Schizophrenia may come from a common personality

In a recent study, researchers found that the signals in people’s brains differ depending on a particular aspect of an individual’s personality, termed Schizotypy.

The findings suggest that many mental illnesses may be thought of as extreme variants of a normal personality.

This discovery could improve the way schizophrenia is characterized and treated.

The study was led by the University of Nottingham.

Similarly to how some people are more or less outgoing, a healthy individual with a highly schizotypal personality shares more ‘thinking patterns’ with a person diagnosed with schizophrenia.

This bridge between normal personality and mental illness provided a way for the researchers to understand if the brains of patients with schizophrenia are totally distinct from healthy volunteers, or whether they overlap.

In the study, the researchers used a technique called Magnetoencephalography (MEG) to measure volunteer’s brain waves while they moved their index finger.

MEG is an incredibly powerful technique to look at how the brain functions.

The team had used the same technique and had found the brain response to this finger movement was reduced in patients with schizophrenia.

In this study, they found that the more severe the patient’s symptoms, the more the response was reduced. In this latest work, a similar relationship was found but in healthy volunteers.

Volunteers with a personality more similar to that of a person with schizophrenia, or highly schizotypal, had a reduced brain response as compared to those with less schizophrenia-like personalities.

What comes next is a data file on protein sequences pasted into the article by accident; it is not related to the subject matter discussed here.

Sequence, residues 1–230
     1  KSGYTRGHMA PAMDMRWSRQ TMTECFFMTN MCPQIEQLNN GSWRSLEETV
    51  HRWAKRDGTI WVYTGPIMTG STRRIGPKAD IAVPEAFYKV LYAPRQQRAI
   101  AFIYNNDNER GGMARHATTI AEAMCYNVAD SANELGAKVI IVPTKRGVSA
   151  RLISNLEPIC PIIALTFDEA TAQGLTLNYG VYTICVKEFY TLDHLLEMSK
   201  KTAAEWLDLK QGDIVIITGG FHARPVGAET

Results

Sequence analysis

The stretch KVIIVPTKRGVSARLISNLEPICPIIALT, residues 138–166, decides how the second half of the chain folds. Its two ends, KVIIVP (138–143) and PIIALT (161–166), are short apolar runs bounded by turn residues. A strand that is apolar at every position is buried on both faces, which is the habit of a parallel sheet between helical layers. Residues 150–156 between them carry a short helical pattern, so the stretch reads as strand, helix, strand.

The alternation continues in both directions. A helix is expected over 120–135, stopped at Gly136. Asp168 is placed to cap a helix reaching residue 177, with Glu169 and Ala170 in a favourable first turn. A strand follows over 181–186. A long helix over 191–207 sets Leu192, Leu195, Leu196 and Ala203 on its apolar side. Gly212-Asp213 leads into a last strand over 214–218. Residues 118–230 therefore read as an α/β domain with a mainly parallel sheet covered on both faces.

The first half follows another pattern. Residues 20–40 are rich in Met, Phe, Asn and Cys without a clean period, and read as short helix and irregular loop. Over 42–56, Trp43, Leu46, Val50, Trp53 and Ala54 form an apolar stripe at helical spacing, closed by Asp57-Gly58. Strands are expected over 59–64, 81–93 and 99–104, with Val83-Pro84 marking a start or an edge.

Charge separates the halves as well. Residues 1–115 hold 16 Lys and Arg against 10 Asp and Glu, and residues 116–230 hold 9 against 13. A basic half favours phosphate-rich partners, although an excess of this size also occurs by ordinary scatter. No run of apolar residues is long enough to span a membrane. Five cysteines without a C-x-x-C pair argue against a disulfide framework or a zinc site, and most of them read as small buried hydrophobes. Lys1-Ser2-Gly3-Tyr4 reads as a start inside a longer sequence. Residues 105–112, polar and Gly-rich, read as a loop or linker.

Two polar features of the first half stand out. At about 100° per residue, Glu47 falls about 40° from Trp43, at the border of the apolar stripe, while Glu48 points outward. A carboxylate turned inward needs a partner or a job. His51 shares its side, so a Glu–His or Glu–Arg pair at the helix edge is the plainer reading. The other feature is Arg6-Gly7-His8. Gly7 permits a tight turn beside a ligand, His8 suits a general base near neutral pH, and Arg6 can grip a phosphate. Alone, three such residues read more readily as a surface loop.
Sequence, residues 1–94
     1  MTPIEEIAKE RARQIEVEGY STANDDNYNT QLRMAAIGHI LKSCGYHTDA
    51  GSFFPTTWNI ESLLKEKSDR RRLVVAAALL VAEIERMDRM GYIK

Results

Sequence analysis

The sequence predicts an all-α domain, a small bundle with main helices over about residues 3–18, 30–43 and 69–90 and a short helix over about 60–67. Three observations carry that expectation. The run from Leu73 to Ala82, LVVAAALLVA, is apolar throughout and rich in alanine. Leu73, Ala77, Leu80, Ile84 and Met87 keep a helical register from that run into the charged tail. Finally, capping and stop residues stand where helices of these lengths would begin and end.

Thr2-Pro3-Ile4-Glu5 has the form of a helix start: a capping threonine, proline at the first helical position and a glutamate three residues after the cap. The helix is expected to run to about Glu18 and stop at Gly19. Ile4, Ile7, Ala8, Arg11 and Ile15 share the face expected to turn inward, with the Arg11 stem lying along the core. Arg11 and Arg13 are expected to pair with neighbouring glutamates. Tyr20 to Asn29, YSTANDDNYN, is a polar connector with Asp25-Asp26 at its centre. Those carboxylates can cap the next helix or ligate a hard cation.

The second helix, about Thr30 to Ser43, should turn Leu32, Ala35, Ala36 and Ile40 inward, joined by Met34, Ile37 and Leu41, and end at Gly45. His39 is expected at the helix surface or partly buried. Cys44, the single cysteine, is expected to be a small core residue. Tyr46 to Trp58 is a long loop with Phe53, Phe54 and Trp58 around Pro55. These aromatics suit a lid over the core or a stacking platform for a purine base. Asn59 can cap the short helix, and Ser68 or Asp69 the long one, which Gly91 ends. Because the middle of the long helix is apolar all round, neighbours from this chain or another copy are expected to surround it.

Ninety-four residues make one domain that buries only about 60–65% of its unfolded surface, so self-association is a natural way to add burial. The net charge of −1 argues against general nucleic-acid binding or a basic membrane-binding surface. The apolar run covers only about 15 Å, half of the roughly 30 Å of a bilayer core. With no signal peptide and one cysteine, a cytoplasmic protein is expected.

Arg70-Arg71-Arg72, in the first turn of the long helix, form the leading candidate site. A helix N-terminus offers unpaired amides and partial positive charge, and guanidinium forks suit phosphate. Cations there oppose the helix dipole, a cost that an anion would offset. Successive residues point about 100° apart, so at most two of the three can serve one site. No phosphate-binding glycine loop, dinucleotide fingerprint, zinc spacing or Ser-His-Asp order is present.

Although more research is required, the researchers hope that in the future this or a similar technique will be used to help in the diagnosis and planning of treatment for people with mental health problems.

They suggest that this finding should help to dispel the idea that people with serious mental problems are categorically different from so-called “normal” people.

Even more importantly, it shows that the same kinds of strategies that help any of us deal with the challenges we face in everyday life could also be helpful in dealing with the more demanding challenges faced by people with serious illness.

Nonetheless, it would be a mistake to under-estimate those challenges.

The team also suggests that although this work is extremely exciting for the study of psychosis, it builds on other exciting work demonstrating that MEG can be useful for mental health diagnoses.

They hope that by showing there to be a continuous brain link between healthy people and people with schizophrenia, this work will help to remove the stigma associated with mental illness.

Peter Liddle, professor of psychiatry at the University’s Institute of Mental Health, is the study’s senior author. Dr. Benjamin Hunt is the lead author of this research.

The study is published in Schizophrenia Bulletin.

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Source: Schizophrenia Bulletin.